Every company is like a poker player sitting around a global, asynchronous poker game. Within the company, everyone needs to be aligned in order for the right amount of chips to be wagered in the right scenario. The CPO has a great opportunity to ensure that the company’s bets are being coordinated properly.
How Poker Players Can Build Tomorrow’s Economy
The future will bring a high floor to human well-being. Businessmen and futurists are in favor of a basic income. Better healthcare is coming to the masses. People will eventually have the choice between working no job and working an enjoyable job.
Existential downside risk will be capped. Consequently, people will become more comfortable taking risks in everyday life.
Gambling has been abstracted away from our modern state of mind because people are not comfortable acknowledging the giant risks and foolish bets they consistently make. People are scared, and they would rather not see the numbers behind their terrible decision making.
But again, downside risk will be capped in the future. People will feel more comfortable and happy, and will be less afraid to acknowledge the fallible mathematics of their decision making.
Gambling technology has the potential to shed more light on the probability density functions of everyday life. Gambling technology could be as fundamentally useful to economics as Bitcoin.
Gambling is frowned upon because it has not been used productively.
Current gambling industries are highly exploitive and encourage negative-sum scenarios. This is not the fault of Gambling, it is due to the conservatism and incrementalism of the entrenched players like Harrah’s.
Chris Ferguson put poker onto the Internet correctly. He could have looked at the space more fundamentally and said “what can we do in the gambling space using the Internet that we cannot do in real life?” I can’t say I blame him for simply building Full Tilt Poker. At least FTP made breakthroughs in UI development.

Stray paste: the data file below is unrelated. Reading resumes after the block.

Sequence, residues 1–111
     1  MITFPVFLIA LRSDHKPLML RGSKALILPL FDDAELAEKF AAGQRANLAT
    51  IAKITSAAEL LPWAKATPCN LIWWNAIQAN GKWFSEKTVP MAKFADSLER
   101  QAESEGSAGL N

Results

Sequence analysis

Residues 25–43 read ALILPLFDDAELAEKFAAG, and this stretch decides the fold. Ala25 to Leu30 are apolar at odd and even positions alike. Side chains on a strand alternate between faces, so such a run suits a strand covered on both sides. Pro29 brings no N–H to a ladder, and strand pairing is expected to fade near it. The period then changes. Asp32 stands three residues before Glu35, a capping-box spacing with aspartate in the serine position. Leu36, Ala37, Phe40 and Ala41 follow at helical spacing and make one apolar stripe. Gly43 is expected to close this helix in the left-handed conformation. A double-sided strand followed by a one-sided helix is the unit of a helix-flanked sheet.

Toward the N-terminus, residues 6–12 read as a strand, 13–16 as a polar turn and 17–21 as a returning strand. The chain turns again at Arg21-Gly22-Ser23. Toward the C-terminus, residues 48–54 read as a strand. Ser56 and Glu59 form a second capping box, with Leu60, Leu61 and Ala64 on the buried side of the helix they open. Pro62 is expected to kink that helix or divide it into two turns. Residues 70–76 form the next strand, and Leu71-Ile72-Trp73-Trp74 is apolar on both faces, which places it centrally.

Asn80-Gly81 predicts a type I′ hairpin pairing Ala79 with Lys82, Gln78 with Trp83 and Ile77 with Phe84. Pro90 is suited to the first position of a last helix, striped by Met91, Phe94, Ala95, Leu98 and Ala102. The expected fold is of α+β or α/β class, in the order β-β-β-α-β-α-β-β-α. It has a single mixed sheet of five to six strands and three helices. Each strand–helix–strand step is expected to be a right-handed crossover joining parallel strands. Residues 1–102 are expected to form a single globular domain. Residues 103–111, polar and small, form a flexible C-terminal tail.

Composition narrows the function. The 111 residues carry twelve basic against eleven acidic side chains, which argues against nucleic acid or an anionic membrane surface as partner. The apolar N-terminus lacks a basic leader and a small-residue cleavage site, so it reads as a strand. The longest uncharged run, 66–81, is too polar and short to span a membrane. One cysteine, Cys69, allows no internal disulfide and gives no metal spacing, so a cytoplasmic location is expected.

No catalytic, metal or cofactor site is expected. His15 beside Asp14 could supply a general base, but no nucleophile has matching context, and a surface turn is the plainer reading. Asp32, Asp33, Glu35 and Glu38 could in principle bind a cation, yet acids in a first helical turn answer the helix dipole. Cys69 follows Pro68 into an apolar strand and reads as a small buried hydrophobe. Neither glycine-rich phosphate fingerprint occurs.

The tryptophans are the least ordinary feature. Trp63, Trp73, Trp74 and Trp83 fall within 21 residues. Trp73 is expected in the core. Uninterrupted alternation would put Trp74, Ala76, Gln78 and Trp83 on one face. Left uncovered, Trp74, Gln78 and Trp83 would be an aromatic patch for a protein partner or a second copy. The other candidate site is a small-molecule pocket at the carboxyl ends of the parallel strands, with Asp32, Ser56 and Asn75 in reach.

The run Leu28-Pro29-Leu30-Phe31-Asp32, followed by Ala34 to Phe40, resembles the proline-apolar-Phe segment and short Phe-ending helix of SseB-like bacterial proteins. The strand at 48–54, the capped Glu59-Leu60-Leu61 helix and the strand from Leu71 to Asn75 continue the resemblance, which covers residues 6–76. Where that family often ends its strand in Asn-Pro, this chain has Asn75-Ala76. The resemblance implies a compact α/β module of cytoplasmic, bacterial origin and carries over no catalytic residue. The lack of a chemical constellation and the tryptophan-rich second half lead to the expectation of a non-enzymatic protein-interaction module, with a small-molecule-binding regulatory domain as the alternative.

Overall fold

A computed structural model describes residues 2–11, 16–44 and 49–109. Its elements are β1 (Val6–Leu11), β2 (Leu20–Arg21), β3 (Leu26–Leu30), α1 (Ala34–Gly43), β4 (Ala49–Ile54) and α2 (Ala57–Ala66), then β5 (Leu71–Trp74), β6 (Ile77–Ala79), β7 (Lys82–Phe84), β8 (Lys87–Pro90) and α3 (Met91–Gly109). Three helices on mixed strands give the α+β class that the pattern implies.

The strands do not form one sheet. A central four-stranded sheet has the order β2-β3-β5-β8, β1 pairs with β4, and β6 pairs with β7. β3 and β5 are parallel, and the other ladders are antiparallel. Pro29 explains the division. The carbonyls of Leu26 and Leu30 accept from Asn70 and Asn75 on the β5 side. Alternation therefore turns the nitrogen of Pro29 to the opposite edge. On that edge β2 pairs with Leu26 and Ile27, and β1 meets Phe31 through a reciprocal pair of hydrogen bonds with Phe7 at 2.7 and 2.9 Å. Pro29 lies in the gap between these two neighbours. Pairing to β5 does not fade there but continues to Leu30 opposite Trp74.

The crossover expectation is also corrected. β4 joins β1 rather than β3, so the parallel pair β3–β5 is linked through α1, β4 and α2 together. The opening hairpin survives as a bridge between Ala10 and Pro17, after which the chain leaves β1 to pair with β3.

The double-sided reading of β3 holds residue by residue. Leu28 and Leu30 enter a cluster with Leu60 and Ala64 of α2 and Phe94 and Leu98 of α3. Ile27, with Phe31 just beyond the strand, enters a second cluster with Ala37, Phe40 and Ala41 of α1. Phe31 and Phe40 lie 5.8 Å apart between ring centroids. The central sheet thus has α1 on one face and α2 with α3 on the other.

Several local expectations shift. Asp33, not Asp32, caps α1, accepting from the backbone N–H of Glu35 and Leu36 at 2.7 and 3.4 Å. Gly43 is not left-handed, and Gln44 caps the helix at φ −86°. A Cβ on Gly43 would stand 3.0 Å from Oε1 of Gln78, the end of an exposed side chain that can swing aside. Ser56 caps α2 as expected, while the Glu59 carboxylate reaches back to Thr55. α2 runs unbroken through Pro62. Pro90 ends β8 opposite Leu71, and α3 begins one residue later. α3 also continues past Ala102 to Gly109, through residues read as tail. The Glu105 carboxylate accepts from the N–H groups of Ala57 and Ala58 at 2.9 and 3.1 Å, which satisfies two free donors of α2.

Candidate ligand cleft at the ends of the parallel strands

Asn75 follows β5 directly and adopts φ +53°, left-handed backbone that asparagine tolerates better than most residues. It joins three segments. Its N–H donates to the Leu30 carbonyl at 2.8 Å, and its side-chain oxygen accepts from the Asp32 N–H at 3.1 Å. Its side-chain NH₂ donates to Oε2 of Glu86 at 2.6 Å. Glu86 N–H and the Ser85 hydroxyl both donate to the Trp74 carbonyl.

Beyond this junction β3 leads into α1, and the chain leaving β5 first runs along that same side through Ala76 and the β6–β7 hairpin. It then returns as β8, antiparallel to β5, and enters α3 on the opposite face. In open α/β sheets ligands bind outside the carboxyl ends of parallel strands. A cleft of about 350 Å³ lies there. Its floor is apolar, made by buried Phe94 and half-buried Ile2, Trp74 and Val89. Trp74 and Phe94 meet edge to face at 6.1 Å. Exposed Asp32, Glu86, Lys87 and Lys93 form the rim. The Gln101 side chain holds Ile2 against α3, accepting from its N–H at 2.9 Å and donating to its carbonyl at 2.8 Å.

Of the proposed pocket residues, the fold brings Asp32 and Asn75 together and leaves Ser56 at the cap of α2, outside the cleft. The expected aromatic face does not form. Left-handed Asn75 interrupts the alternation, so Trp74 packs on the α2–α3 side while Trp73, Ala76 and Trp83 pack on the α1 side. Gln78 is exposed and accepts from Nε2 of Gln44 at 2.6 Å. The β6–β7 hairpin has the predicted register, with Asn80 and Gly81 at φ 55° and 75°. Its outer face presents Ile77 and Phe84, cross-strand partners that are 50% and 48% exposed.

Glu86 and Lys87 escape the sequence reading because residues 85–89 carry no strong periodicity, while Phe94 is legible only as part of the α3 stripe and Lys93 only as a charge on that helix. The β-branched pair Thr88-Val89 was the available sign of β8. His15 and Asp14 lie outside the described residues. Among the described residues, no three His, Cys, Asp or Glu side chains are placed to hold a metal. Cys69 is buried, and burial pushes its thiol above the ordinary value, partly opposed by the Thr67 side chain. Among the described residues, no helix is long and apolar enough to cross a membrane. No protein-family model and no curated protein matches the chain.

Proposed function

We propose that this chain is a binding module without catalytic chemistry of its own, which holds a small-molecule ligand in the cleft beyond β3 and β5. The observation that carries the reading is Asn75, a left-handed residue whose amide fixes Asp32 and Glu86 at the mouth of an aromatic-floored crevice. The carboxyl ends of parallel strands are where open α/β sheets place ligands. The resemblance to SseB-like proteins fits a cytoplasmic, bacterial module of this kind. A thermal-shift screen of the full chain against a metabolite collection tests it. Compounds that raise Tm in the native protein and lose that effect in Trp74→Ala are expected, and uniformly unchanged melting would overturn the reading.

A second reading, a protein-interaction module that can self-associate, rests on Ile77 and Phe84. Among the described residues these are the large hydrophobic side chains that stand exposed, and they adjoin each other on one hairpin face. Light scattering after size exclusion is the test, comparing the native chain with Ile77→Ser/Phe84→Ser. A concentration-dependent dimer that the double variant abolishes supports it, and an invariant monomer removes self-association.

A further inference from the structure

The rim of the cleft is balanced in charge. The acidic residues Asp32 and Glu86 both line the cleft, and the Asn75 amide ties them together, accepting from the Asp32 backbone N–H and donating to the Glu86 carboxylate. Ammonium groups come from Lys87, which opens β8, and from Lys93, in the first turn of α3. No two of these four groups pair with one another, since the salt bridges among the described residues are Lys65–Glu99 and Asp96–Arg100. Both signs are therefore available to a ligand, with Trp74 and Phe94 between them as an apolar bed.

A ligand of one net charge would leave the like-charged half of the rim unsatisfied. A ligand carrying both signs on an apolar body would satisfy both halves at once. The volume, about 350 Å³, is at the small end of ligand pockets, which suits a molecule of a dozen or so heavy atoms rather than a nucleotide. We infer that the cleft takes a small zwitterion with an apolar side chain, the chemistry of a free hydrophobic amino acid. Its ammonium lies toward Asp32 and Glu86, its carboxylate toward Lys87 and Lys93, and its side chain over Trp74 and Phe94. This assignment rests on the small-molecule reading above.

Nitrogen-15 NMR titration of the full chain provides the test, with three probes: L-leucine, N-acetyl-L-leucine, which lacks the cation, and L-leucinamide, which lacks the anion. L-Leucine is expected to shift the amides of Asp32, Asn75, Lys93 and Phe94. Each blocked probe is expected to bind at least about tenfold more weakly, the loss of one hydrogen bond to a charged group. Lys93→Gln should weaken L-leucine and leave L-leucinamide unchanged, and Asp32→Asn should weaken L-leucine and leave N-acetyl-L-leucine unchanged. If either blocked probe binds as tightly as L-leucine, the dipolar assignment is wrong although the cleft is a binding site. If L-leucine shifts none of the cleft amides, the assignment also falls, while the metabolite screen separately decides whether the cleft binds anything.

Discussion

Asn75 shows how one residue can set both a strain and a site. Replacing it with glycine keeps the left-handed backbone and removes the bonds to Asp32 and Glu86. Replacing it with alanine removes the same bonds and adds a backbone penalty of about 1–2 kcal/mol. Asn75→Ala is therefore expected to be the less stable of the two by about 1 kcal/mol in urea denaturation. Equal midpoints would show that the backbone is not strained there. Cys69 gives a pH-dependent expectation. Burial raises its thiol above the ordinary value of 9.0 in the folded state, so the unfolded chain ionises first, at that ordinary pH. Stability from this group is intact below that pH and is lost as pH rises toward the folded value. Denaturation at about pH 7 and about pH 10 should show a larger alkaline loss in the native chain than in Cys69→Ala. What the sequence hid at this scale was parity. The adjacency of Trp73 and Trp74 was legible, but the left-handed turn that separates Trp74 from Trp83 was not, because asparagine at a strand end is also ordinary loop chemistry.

But we need fundamental gambling breakthroughs.
There is a giant, unexplored potential ecosystem at the convergence of gambling, distributed systems, crowdfunding, and virtual reality.
Innovation in the world of gambling is like a spring that has become increasingly compressed over time. Overeager regulators, entrenched competitors, bitter exploited customers—what more could an entrepreneur want? From a “first principles” perspective, the gambling world is as inefficient and ripe for the taking as it gets.
Poker players can team up with technologists to build new ways to gamble. Once it is proven that gambling is super useful as a means for exposing undiscovered information, the regulation in the space will loosen.
Poker technologists who are not up to the task of reinventing gambling could work on heads-up displays for knowledge workers. We need HUDs for insurance adjusters, customer service representatives, lawyers, Uber drivers, basketball coaches, teachers, doctors, and everyone else.